It was, ahem, a while back when I was part of a Brownie Scout troop at Landmark Elementary School. In those days, I knew our assistant troop leader -- the mother of one of my classmates and fellow Brownies -- as "Mrs.," followed by her married name at the time. I didn't even know her first name.
Nowadays, after reuniting with her on Facebook, I know her as Melba.
I recently had lunch with Melba, who goes by her maiden name -- Collins -- and still lives in the Landmark community north of East End. She wanted to share the story of her mom and dad, the late Robert and Zerita Harrison of North Little Rock.
I didn't know of the Harrisons until Melba began discussing them on her Facebook page last year, when both passed. Zerita was 93 when she died. Robert, who was nicknamed ''Dutch'' and who passed four months later, was 94. The couple had been married 72 years.
Unfamiliar with Melba's family background, I was probably not the only one squinting at the photos she shared of the Harrisons on Facebook. Melba is white. The Harrisons were black. Theirs was quite the unusual story, especially considering the time it began -- the 1960s, when racial bias in the South was still a lot more blatant than it is now.
Melba's biological parents, Mable and Pete Collins, died when Melba was a teenager.
Meanwhile, Melba and her first husband, Robert Uzzell, eloped when Melba was 14, lying about her age. The two went on to have the first two of Melba's three daughters, but Robert died not long before Melba's father died. Melba had to find a job to support herself and the children. "After losing so many people ... I really wanted to die myself, but I had kids to take care of," Melba says.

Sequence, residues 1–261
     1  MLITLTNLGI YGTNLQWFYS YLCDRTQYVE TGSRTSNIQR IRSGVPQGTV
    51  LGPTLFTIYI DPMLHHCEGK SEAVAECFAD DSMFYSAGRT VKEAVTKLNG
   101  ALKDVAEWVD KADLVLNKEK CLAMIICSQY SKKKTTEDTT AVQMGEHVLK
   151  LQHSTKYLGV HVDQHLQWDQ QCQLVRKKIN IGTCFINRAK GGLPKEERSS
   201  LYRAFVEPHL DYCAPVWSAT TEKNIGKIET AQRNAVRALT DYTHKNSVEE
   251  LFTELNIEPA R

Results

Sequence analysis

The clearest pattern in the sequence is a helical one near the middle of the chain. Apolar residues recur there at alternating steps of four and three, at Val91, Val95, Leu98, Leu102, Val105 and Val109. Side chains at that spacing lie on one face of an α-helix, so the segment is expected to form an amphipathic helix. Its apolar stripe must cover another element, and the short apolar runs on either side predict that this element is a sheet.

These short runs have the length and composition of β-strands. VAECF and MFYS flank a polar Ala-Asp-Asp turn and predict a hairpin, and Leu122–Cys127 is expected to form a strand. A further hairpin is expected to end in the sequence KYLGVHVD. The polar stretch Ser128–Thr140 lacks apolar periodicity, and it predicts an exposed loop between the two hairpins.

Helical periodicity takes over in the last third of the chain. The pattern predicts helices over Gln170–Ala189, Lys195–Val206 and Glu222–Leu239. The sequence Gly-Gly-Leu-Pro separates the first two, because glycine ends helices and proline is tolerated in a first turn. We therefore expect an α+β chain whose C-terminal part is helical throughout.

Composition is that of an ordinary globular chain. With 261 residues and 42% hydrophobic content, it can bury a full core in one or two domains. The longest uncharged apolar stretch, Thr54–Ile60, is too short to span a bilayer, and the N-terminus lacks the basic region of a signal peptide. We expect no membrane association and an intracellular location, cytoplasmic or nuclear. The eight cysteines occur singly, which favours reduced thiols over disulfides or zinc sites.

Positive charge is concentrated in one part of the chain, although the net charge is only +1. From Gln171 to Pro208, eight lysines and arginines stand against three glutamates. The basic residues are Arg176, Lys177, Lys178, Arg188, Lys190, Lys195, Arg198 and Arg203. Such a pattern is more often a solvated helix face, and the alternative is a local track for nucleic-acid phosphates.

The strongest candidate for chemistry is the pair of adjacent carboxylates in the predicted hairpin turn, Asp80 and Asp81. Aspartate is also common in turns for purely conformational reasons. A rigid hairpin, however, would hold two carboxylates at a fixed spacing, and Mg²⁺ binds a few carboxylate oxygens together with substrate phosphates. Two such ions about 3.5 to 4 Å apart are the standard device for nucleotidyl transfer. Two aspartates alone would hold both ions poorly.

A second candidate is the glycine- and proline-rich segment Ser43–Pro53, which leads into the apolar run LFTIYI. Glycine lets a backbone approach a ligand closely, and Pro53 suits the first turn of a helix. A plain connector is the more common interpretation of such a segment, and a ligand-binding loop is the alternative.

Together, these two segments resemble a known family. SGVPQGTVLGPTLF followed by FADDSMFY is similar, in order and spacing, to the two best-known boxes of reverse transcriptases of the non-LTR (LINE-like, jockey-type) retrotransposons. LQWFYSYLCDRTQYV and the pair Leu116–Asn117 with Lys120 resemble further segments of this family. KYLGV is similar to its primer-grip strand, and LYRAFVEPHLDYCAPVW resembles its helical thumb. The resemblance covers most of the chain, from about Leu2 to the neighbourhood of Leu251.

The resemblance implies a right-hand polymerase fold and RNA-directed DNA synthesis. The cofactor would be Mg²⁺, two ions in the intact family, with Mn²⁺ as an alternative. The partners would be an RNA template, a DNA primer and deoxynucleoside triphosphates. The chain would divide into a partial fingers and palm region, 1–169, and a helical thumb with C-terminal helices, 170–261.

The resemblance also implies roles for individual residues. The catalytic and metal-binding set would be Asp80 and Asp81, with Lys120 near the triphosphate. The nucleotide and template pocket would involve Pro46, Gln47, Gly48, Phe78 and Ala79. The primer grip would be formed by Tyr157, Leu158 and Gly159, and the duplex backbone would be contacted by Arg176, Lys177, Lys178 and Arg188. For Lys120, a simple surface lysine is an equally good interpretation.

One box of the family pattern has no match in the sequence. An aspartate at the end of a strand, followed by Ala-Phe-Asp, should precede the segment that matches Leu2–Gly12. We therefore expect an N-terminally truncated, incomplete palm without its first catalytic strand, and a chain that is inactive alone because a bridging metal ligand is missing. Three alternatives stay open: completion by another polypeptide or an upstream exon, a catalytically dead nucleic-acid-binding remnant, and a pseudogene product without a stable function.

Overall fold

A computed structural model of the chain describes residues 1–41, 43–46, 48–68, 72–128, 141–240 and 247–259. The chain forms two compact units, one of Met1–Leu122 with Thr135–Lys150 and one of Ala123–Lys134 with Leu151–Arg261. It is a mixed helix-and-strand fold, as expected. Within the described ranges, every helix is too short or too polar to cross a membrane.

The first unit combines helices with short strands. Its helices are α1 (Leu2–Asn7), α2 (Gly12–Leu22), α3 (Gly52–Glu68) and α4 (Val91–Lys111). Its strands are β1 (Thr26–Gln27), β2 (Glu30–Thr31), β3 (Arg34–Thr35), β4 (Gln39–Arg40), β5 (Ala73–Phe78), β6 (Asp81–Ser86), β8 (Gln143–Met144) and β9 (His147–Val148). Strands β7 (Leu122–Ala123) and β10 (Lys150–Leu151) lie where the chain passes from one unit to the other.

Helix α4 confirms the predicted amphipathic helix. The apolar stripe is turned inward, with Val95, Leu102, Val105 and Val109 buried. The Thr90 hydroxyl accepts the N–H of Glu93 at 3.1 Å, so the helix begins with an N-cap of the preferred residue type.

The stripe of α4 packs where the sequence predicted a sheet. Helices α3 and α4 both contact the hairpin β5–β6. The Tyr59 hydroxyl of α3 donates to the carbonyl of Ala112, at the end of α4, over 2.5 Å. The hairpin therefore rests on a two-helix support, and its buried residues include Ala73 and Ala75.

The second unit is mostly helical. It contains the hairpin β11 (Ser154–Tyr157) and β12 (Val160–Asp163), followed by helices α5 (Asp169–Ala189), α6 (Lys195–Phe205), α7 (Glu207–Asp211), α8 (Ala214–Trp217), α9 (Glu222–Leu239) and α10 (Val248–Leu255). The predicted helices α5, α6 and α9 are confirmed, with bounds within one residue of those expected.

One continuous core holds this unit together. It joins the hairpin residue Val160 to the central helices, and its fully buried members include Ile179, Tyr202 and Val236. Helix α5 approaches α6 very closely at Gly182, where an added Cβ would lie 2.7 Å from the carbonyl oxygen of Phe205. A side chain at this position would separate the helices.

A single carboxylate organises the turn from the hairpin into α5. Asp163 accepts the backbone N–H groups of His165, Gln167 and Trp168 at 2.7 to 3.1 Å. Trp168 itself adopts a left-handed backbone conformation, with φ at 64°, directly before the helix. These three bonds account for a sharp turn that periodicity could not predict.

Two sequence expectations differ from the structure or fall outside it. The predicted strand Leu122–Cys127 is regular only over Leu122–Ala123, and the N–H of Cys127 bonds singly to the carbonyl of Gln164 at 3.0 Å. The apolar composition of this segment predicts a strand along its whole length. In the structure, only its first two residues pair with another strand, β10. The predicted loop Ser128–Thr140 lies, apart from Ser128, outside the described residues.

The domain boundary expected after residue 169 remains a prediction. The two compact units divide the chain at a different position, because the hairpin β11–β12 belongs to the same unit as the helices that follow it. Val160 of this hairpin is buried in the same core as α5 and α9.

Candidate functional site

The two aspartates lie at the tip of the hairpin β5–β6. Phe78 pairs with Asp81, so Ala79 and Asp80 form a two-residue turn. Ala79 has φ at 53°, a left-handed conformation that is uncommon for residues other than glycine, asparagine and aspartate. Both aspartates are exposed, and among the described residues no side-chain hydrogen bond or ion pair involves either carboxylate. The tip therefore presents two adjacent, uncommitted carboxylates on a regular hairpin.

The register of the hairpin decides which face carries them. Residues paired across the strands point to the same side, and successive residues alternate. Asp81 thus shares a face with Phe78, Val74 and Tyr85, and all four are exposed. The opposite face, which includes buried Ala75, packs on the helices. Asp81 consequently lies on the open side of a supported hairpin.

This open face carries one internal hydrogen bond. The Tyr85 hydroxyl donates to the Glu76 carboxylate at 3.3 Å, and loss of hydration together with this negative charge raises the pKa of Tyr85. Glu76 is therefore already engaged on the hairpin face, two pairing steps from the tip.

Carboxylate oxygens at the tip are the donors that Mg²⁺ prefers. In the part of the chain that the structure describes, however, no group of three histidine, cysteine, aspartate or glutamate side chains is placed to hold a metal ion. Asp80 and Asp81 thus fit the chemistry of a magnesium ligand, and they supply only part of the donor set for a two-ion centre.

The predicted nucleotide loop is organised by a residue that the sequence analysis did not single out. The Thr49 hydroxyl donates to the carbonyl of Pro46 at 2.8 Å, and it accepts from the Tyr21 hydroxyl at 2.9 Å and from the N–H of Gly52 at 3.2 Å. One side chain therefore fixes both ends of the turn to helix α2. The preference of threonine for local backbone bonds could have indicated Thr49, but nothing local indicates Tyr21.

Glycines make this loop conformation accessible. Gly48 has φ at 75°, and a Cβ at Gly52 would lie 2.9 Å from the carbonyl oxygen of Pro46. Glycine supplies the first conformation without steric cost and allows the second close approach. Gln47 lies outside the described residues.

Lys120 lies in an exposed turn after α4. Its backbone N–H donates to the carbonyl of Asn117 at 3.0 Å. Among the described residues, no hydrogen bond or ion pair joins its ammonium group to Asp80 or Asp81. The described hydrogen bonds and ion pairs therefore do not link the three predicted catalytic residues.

She went to work at the Holiday Inn in North Little Rock as a cashier and hostess in the dining room. It was there that she met Zerita, who waited tables there. "She took one look at me -- I know I was pitiful -- and she said, 'Baby, you need a mama,'" Melba recalled. "She would bring me food from home that Dad cooked. And then if I needed something looked at on my car, Dad would look at it. ... Dad was the biggest sweetheart."
The relationship, Melba says, "just developed more and more and more. And I was very blessed."
Melba shared her humorous memories of Zerita's strong will.
"She was like Vince Lombardi," Melba said, referring to the legendary football player and Green Bay Packers coach. "If she told you to sit down, you didn't look for a chair. She was wonderful, kind, loving, but her word was law. Zerita got what Zerita wanted, period.
"Mom ruled. Dad cooked."
Matter of fact, Dutch did all the cooking ... something he actually hated to do. So how did he get stuck with all the culinary duties?
"He said, 'Well, when Mama and I first got married she made something and we were eating and I said, "You know, this is really good, but I think I could make it better." And she said, "Have at it," and she never cooked again.'"
So anytime Melba had a cooking question, she said, "I called Dad. ... He was my go-to guy."
Melba grew misty-eyed as she shared happy memories of life with the Harrisons, and showed me the many photos that offered glimpses into that life: the restaurants and plays they attended together. The Harrison family picnics and get-togethers. Zerita's homemade eggnog, an annual Christmas gift to Melba. Zerita's last birthday party at the nursing home -- "She wanted a crown because she was always Queen Zerita. So we had her a crown." Dutch's 90th birthday party at the River Market's Ottenheimer Market Hall.
"They always introduced me as their daughter, and I always introduced them as my mom and dad. ... It just seemed natural," Melba said. The Harrisons' son, Bobby, who lives in Huntsville, Ala., came to be a brother, while Melba's daughters -- Beth, my classmate; Myra; and youngest daughter Jill -- considered the Harrisons to be grandparents. The grandchildren called them Ma and Pa Harrison. "Even my oldest great-granddaughter got to meet them and she just loved them."
Melba took their departure hard. "I just wish they were still here. I miss them every day," she said.
But she realizes she was blessed in a way more of us would be if we didn't allow our differences from others -- real, perceived, magnified -- to block such blessings.
"I had double love in parents," she said. "I've never not had love."
Style on 10/18/2015